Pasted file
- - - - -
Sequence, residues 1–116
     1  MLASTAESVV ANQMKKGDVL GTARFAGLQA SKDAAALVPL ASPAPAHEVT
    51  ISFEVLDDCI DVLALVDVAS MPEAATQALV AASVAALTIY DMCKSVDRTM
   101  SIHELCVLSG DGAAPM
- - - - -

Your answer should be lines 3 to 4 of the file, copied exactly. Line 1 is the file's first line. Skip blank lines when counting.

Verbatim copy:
    51  ISFEVLDDCI DVLALVDVAS MPEAATQALV AASVAALTIY DMCKSVDRTM
   101  SIHELCVLSG DGAAPM